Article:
Ah, the much derided Chromebook Pixel. At $1,299 for a touchscreen laptop with an i5 processor, 32 GB SSD, and powered by Chrome OS, is it even worth it? Even with a high resolution display (the Pixel’s 239 dpi held the highest resolution for a while before the new Macbook Pros came out), it still is basically a browser in a laptop. And you could spend a little bit more ($1,449 in total) and get a similar model with 64 GB SSD and a 4G connection. But outside of Chrome OS’ limitations, the Chromebook Pixel is a work of art: Google’s magnus opus in terms of laptops competes with Apple’s best builds for laptops. The Pixel has a solid feel, and it is a wonderful looking piece of hardware. But: if you need to live outside a browser and aren’t techie enough to install Linux to get additional programs, we recommend skipping this one.
7. Apple Mac Pro
Apple’s new Mac Pros may have met with much derision for their form factor (they’ve been compared to looking like a trash can). But: they are fast, pack the best hardware on the planet, are one-eighth the size of previous models, and are very very quiet while operating. While they do include prorietary hardware units and connectors, you can be sure that Apple has ensured that its one smoothly functioning piece of equipment for workstation users. And hey, despite these units costing anywhere from $2,999 to $9,600, its apparently even hard to build equivalent Windows PCs for a similar price range. And the Mac Pro is assembled in the USA, for those who care.
8. Motorola’s Moto G and Moto X
Probably the only smartphone we’re going to list here. You probably have a smartphone already, and its most likely an Apple or Samsung product. But having looked at the new Motorola phones, we just have to at least mention these. The Moto X is likely the most customizable smartphone on the planet today, and you can choose from a range of backplates, button colors and customize your phone in just about every way possible. And oh, it is assembled in the USA too. The Moto G, at an off-contract price of $179, is impossible for beat for its price. It features mid-range phone features at a low-end price. If you are looking for customizability and hip, the Moto X is the answer. If you are looking for a budget smartphone, its hard to beat the Moto G.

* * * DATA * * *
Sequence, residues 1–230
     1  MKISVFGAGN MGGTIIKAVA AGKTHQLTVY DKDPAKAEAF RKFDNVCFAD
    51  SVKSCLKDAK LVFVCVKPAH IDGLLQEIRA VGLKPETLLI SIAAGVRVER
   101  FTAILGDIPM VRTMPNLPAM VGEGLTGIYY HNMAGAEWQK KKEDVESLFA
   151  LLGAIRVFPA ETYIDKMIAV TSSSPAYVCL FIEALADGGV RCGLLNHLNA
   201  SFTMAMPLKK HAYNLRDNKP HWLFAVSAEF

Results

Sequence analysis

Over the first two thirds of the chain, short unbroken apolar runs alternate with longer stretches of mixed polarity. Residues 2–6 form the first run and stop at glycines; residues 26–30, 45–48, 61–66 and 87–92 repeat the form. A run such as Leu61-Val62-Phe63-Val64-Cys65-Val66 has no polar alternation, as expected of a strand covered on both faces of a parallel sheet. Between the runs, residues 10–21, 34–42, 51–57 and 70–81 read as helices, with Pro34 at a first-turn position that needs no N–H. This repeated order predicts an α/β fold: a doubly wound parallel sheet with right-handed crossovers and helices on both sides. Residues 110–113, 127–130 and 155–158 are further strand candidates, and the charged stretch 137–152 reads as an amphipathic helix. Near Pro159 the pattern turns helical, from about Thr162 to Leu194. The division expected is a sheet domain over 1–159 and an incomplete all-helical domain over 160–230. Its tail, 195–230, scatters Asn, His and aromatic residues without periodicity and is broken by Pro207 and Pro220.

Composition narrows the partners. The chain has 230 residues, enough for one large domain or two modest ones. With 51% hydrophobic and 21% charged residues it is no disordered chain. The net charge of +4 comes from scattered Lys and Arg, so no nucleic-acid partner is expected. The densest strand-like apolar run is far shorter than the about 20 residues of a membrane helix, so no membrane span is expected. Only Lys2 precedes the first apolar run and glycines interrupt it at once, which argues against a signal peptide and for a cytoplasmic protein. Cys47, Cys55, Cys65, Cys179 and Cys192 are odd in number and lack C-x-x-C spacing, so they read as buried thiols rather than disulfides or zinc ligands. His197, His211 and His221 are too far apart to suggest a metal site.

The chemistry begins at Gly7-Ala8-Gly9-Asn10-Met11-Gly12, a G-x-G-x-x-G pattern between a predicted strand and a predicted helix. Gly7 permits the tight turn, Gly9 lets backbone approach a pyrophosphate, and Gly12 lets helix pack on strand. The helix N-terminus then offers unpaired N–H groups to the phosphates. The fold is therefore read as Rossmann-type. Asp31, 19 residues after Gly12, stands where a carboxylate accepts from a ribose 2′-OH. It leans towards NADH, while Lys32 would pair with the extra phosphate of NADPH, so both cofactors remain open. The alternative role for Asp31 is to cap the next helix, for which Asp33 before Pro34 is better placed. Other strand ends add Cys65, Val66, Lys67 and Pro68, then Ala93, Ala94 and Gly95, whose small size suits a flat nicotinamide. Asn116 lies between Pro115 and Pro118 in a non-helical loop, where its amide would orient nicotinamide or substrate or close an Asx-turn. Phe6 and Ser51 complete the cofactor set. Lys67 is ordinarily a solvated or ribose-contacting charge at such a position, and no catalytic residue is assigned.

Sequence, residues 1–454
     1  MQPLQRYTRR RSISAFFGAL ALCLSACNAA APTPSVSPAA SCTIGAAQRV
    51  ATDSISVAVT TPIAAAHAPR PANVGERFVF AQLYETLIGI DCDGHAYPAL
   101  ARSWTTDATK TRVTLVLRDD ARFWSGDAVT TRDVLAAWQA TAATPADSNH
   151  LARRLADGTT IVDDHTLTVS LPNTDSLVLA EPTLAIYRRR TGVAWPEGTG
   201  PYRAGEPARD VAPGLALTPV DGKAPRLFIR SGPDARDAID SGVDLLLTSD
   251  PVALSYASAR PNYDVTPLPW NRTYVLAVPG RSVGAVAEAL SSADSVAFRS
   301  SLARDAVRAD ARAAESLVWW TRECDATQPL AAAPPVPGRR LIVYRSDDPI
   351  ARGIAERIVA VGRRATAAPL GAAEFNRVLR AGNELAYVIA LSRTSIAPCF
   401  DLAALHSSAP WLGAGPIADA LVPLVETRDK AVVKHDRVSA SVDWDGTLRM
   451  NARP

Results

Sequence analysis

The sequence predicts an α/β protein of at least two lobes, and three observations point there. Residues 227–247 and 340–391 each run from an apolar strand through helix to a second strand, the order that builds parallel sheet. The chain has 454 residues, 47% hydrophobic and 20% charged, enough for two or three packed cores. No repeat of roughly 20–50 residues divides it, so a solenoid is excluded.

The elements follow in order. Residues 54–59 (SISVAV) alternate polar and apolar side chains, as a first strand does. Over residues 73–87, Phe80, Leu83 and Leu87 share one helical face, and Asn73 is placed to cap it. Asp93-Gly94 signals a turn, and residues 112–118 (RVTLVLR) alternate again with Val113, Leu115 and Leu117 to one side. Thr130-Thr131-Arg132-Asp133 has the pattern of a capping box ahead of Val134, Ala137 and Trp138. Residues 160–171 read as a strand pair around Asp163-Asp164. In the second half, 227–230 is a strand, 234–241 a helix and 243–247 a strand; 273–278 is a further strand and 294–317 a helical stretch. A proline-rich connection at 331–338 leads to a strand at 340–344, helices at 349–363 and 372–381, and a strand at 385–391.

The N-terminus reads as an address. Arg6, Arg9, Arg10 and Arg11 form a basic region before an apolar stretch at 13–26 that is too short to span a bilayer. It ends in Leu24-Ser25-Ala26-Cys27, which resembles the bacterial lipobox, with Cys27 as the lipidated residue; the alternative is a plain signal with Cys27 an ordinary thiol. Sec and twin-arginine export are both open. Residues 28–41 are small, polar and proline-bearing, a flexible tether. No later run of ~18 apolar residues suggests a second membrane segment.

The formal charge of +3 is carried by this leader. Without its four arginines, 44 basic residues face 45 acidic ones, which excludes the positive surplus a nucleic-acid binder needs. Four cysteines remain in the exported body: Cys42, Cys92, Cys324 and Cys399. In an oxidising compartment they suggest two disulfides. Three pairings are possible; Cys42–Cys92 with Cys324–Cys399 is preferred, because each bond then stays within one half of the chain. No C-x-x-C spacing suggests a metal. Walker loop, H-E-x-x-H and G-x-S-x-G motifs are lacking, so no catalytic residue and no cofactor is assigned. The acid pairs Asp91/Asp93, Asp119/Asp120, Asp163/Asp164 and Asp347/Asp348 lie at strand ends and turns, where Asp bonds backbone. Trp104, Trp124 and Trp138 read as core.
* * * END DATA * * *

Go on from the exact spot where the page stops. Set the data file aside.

9. Google/Asus Nexus 7
There’s actually not too much to say about the Nexus 7, the Android tablet co-produced by Google and Asus. Really. It is the flagship 7-inch Android tablet that was meant to be a rival to the Amazon Kindle Fire tablet, and while it has made some inroads, its actually not been able to hold up against the Kindle or even Samsung’s range of Android tablets. Having said that, this deserves an honorable mention mostly because its a pure Android tablet, and is backed by Google updates when a new Android version comes out. Plus at 323 pixels per inch, it has one of the highest resolutions per inch for any tablet out there.
10. Ouya Game Console
Outside of the Chromecast (#1), this is the only non-desktop, non-laptop, non-tablet to be featured here. The Ouya game console, at $99, is a steal. I’ve played a friend’s unit, and with the various ROMs and games out there for it, the Ouya makes a perfect TV companion. Its hardware is decent, and while not close to its big brothers XBox and Playstation, packs enough punch for some serious gaming with friends.